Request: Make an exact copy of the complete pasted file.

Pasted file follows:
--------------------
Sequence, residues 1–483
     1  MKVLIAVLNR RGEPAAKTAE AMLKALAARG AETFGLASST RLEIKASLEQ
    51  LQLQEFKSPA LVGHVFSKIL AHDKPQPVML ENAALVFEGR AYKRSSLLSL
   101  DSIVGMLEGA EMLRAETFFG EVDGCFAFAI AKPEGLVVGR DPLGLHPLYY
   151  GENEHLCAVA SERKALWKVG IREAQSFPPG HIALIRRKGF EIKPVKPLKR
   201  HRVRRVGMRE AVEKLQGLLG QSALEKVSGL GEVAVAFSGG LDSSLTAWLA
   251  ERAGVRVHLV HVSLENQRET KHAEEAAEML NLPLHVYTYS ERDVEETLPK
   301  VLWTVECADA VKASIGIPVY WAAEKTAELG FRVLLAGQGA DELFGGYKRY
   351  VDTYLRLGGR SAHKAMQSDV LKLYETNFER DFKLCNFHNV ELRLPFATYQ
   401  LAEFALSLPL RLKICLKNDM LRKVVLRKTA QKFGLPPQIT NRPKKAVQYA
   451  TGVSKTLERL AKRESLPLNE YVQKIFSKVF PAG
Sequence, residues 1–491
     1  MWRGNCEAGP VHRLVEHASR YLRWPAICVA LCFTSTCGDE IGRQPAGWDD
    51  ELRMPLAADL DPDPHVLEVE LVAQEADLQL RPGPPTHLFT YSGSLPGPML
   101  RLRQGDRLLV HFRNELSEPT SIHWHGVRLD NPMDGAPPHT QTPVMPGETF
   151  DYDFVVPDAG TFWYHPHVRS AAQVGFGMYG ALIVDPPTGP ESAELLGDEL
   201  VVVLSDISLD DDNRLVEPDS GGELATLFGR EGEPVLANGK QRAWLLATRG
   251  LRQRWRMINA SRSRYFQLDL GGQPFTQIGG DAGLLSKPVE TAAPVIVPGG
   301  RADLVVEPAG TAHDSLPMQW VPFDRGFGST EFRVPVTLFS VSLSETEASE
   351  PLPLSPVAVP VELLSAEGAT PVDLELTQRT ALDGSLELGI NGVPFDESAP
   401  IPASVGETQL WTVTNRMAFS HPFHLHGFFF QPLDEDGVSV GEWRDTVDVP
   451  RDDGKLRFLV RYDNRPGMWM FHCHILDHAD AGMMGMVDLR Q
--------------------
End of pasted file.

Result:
Sequence, residues 1–483
     1  MKVLIAVLNR RGEPAAKTAE AMLKALAARG AETFGLASST RLEIKASLEQ
    51  LQLQEFKSPA LVGHVFSKIL AHDKPQPVML ENAALVFEGR AYKRSSLLSL
   101  DSIVGMLEGA EMLRAETFFG EVDGCFAFAI AKPEGLVVGR DPLGLHPLYY
   151  GENEHLCAVA SERKALWKVG IREAQSFPPG HIALIRRKGF EIKPVKPLKR
   201  HRVRRVGMRE AVEKLQGLLG QSALEKVSGL GEVAVAFSGG LDSSLTAWLA
   251  ERAGVRVHLV HVSLENQRET KHAEEAAEML NLPLHVYTYS ERDVEETLPK
   301  VLWTVECADA VKASIGIPVY WAAEKTAELG FRVLLAGQGA DELFGGYKRY
   351  VDTYLRLGGR SAHKAMQSDV LKLYETNFER DFKLCNFHNV ELRLPFATYQ
   401  LAEFALSLPL RLKICLKNDM LRKVVLRKTA QKFGLPPQIT NRPKKAVQYA
   451  TGVSKTLERL AKRESLPLNE YVQKIFSKVF PAG
Sequence, residues 1–491
     1  MWRGNCEAGP VHRLVEHASR YLRWPAICVA LCFTSTCGDE IGRQPAGWDD
    51  ELRMPLAADL DPDPHVLEVE LVAQEADLQL RPGPPTHLFT YSGSLPGPML
   101  RLRQGDRLLV HFRNELSEPT SIHWHGVRLD NPMDGAPPHT QTPVMPGETF
   151  DYDFVVPDAG TFWYHPHVRS AAQVGFGMYG ALIVDPPTGP ESAELLGDEL
   201  VVVLSDISLD DDNRLVEPDS GGELATLFGR EGEPVLANGK QRAWLLATRG
   251  LRQRWRMINA SRSRYFQLDL GGQPFTQIGG DAGLLSKPVE TAAPVIVPGG
   301  RADLVVEPAG TAHDSLPMQW VPFDRGFGST EFRVPVTLFS VSLSETEASE
   351  PLPLSPVAVP VELLSAEGAT PVDLELTQRT ALDGSLELGI NGVPFDESAP
   401  IPASVGETQL WTVTNRMAFS HPFHLHGFFF QPLDEDGVSV GEWRDTVDVP
   451  RDDGKLRFLV RYDNRPGMWM FHCHILDHAD AGMMGMVDLR Q